It’s no secret that the tax code is written to serve the interests of the wealthy. There’s a preponderance of unfair rules—the step-up and carried interest loopholes come to mind—that allow the ultra-rich to pay taxes at much lower rates than working and middle-class Americans while donating money to politicians who will preserve and expand those unfair advantages.
It’s this last reality that makes it so hard to reform the system, but Senator Ron Wyden, the chairman of the Senate Finance Committee, is giving it his best shot with the Billionaires Income Tax, which would be passed in order to “pay for” Biden’s landmark Build Back Better Plan, a bill that is supposed to make historic investments in American families from child care to paid leave to expand the Child Tax Credit.
If it makes it into law—and that’s an “if” big enough to have its own gravitational force, given the extended negotiations on the package and the bill itself—then the tax would prevent people with more than $1 billion in assets or more than $100 million in income for three consecutive years from deferring certain taxes.
“There are two tax codes in America. The first is mandatory for workers who pay taxes out of every paycheck. The second is voluntary for billionaires who defer paying taxes for years, if not indefinitely,” Wyden said in a statement. “Two tax codes allow billionaires to use largely untaxed income from wealth to build more wealth, while working families struggle to balance the mortgage against groceries, and utilities against saving for the future.”
Given that very few Americans have nine-figure annual incomes (largely because of the tax disadvantages), the law would mostly affect the 700 or so billionaires in the United States. It would do so by leveraging new taxes and fees on two kinds of assets:
- Pay taxes on tradable assets. Billionaires would have to pay taxes on gains or take deductions for losses whether or not they sell a tradable asset like stocks. Simply holding onto these assets would no longer allow them to avoid paying taxes year-to-year.
- Pay a deferral charge on nontradable assets. Billionaires would also have to pay a “deferral recapture amount” whenever they sell a nontradable asset like a business interest or real estate for a profit. It would be akin to the interest on the tax deferred while they held that asset, and it would be paid in addition to the usual tax.
UC-Berkeley economist Gabriel Zucman ran the numbers, and he estimates that the top ten billionaires would owe $275 billion in taxes alone during the first five years of the plan. His analysis also showed that these billionaires would definitely stay billionaires by no small amount. (See his chart below.)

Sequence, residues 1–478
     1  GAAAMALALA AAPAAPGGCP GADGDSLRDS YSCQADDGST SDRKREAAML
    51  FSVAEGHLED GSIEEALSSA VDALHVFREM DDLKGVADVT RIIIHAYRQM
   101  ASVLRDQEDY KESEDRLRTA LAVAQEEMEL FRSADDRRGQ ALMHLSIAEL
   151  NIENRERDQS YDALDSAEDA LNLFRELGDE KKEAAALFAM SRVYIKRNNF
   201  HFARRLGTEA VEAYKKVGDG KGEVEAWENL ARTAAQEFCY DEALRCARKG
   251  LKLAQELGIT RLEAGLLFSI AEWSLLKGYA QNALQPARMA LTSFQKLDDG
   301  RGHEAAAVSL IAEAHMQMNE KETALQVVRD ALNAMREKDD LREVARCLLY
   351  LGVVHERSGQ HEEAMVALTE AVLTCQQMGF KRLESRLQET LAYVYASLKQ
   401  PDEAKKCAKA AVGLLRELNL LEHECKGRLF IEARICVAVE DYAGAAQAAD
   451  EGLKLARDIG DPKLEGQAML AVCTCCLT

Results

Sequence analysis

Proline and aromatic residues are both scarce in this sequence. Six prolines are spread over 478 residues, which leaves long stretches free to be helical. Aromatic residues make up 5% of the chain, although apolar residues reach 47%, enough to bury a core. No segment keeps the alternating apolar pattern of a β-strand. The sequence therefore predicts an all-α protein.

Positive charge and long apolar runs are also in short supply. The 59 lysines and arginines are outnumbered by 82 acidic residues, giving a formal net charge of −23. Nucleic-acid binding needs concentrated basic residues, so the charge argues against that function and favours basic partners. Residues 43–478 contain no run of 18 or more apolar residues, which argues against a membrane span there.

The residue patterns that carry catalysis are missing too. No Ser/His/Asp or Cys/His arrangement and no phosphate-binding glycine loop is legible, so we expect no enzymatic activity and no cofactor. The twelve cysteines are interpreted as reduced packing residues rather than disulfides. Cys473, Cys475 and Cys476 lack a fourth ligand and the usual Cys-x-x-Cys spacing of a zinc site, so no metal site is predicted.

How much would the billionaire tax raise?
$275 billion from the top 10 billionaires alone—and probably more than $500 billion for billionaires as a whole
Here are the numbers for the top 10 billionaires—and a short thread explaining how we can know all this
— Gabriel Zucman (@gabriel_zucman) October 26, 2021
Wyden is trying to get this proposal added to the budget reconciliation bill currently being debated within the Democratic Party. To get that done, he will need to gain the support of all 50 Senate Democrats including Kyrsten Sinema, the conservative Democrat whose opposition to raising the corporate tax rate and rolling back the Trump tax cuts got those ideas cut out of the bill.
Senator Joe Manchin, the other conservative who seems to delight in derailing his party’s agenda, has already called the plan “divisive” for taxing billionaires differently. Billionaires are already taxed differently than their peers, just at a much lower rate than everyone else, and especially working families.
These funds would be monumental for a number of reasons, not least of which is because billionaires would be stepping in to pay an effective tax rate much closer to what working-class American families do all the time. And while many Americans have struggled to make ends meet over the past 18 months since the pandemic hit, many billionaires have seen record profit growth in their given industries. Rectifying the connection between these gains and pitching into social programs would create an economically healthier society, one where parents could better afford child care and be able to take time off when having a baby regardless of where they work.
But whether or not the plan actually happens is, as always, another question altogether.